Friday the 13th Movies Ranked

6. Friday the 13th Part V: A New Beginning (1985)

“That is one fucking ugly man that goes there!”

Troubled teen Tommy Jarvis (John Shepherd) is sent to a halfway house to begin to prepare for his reintroduction into mainstream society but is haunted by his witnessing of Jason Voorhees’ brutality as a child, just a new killing spree commences in the surrounding countryside.

Jason steps into Freddy Krueger’s turf by invading his victims’ dreams here, but there’s a very real physical threat to the group of troubled teenagers as well. Plus he’s wearing a hockey mask.

Seems like they made more of an effort to give returning protagonist Tommy (Corey Feldman from The Final Chapter cameoing in the prologue before Shepherd takes over) a bit of character depth as he tries to work through the trauma of his encounter with Jason, and it’s certainly one of the better performances of the series. It’s a good job because the rest of the mostly teenage characters are sketched even thinner and more irritating than usual.

This is often highlighted as the excessive one, and it does feature more nudity and sadistic violence than the others courtesy of former hardcore director Danny Steinman.

There are lots of red herrings thrown out here for who the new killer is. There’s also a moment where a kid hits the killer with a bulldozer, plus a brief chainsaw vs machete duel.

Potential for more interesting future instalments not directly involving Jason (much like how they eventually passed the torch in the Saw franchise) never went any further.

“Jason’s” best kill: “Jason” jams a lit flare in a guy’s mouth.




5. Friday the 13th (1980)

“We ain’t gonna stand for no weirdness out here.”

Twenty-odd years after a tragic drowning, Crystal Lake summer camp is due to reopen and the camp counsellors begin to get things ready for the arrival of the kids, but not before someone with a connection to the camp’s past begins to pick them off one by one.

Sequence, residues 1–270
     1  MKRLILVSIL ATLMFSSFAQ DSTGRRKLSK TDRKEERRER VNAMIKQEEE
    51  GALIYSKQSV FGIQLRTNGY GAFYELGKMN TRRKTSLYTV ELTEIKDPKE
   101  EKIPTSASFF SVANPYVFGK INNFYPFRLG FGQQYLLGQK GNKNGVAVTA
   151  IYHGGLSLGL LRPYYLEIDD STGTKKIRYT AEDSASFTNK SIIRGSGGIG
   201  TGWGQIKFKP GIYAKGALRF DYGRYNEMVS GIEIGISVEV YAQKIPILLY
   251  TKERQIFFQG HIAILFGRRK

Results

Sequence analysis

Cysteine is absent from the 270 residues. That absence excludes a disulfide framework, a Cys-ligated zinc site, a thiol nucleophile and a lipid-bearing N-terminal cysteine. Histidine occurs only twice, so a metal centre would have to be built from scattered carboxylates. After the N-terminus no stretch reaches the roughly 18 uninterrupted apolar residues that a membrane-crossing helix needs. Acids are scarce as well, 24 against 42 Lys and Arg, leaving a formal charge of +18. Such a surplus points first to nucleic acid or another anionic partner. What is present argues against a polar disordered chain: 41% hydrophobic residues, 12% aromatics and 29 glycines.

This was a quick, cheap (around $500,000) horror movie made by struggling filmmaker Sean S. Cunningham that was a massive and unexpected smash, especially among teen and young adult audiences. It did a lot with its limited budget, simple story, money raised on the back of a memorable title, and behind-the-scenes links to the similarly successful shocker The Last House on the Left.

This group of horny teens, including a pre-Footloose Kevin Bacon, are actually pretty likeable, which makes a change from most slasher movies where pretty much everyone is lining up for a well-deserved stabbing.

The only Friday film where Jason (40-year-old spoiler alert) or someone who looks like him isn’t the killer, and is relatively restrained by the standards of the franchise to come.

Composer Harry Manfredini’s economic but eerie work (ki-ki-ki, ma-ma-ma…) instantly makes an impression and would become a series linchpin and antagonist character theme as iconic as when you knew the shark was near in Jaws.

Not-Jason’s best kill: Not-Jason pushes a hunting arrow through a poor sod’s throat from below his bed.

Recommended for you: Instruments of Terror: The Music in Horror Films


4. Friday the 13th: The Final Chapter (1984)

“That’s you they’re talking about on TV, pal!”

Jason (Ted White) is somehow still not dead and escapes the morgue to come into contact with more teens on vacation in his woods. These include local residents Trish (Kimberly Beck) and her precocious 12-year-old brother Tommy (Corey Feldman).

Roger Ebert called this one an “immoral and reprehensible piece of trash”, but why this was so much worse than the others is anyone’s guess.

The Final Chapter is built up to be, and was originally intended to be, the final Friday, and certainly has the feel of a definitive finale.

It’s got something in the realm of a proper budget (at least compared to Parts 1-3), Tom Savini returns to do makeup and gore effects, and the cast includes soon-to-be-stars Feldman and Crispin Glover (Back to the Future).

There’s a big manly man in this one played E. Erich Anderson with his own machete (for all the good it’ll do him), but far more effective is a sister’s primal instinct to defend her younger brother from a hulking masked killer and said brother’s surprising resourcefulness.

It’s atmospheric, looks pretty good and has a self-aware streak in that the kid makes monster masks and uses Jason’s hideous appearance against him.

Jason’s best kill: Someone’s searching for a corkscrew and finds it when Jason stabs it through his hand, following it up with a machete in the face.

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